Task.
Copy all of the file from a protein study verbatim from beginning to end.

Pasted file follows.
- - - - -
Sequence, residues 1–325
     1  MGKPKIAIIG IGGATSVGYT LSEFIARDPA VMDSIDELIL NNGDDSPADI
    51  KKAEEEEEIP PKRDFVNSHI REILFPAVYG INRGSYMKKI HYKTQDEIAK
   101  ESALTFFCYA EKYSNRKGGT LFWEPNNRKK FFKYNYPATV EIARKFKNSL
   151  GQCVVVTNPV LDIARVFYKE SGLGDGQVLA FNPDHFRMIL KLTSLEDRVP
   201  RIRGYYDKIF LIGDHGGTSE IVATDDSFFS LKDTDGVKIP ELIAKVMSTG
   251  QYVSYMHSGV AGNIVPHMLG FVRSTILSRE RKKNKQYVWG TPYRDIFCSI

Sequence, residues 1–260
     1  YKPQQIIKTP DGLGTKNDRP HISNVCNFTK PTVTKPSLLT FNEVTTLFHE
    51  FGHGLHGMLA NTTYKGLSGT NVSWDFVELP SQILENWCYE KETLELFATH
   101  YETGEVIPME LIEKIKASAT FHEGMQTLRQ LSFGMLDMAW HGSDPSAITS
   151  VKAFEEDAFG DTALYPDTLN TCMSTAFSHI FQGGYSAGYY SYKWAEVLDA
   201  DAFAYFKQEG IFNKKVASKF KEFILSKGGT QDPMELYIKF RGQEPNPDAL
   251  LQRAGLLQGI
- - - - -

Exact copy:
Sequence, residues 1–325
     1  MGKPKIAIIG IGGATSVGYT LSEFIARDPA VMDSIDELIL NNGDDSPADI
    51  KKAEEEEEIP PKRDFVNSHI REILFPAVYG INRGSYMKKI HYKTQDEIAK
   101  ESALTFFCYA EKYSNRKGGT LFWEPNNRKK FFKYNYPATV EIARKFKNSL
   151  GQCVVVTNPV LDIARVFYKE SGLGDGQVLA FNPDHFRMIL KLTSLEDRVP
   201  RIRGYYDKIF LIGDHGGTSE IVATDDSFFS LKDTDGVKIP ELIAKVMSTG
   251  QYVSYMHSGV AGNIVPHMLG FVRSTILSRE RKKNKQYVWG TPYRDIFCSI

Sequence, residues 1–260
     1  YKPQQIIKTP DGLGTKNDRP HISNVCNFTK PTVTKPSLLT FNEVTTLFHE
    51  FGHGLHGMLA NTTYKGLSGT NVSWDFVELP SQILENWCYE KETLELFATH
   101  YETGEVIPME LIEKIKASAT FHEGMQTLRQ LSFGMLDMAW HGSDPSAITS
   151  VKAFEEDAFG DTALYPDTLN TCMSTAFSHI FQGGYSAGYY SYKWAEVLDA
   201  DAFAYFKQEG IFNKKVASKF KEFILSKGGT QDPMELYIKF RGQEPNPDAL
   251  LQRAGLLQGI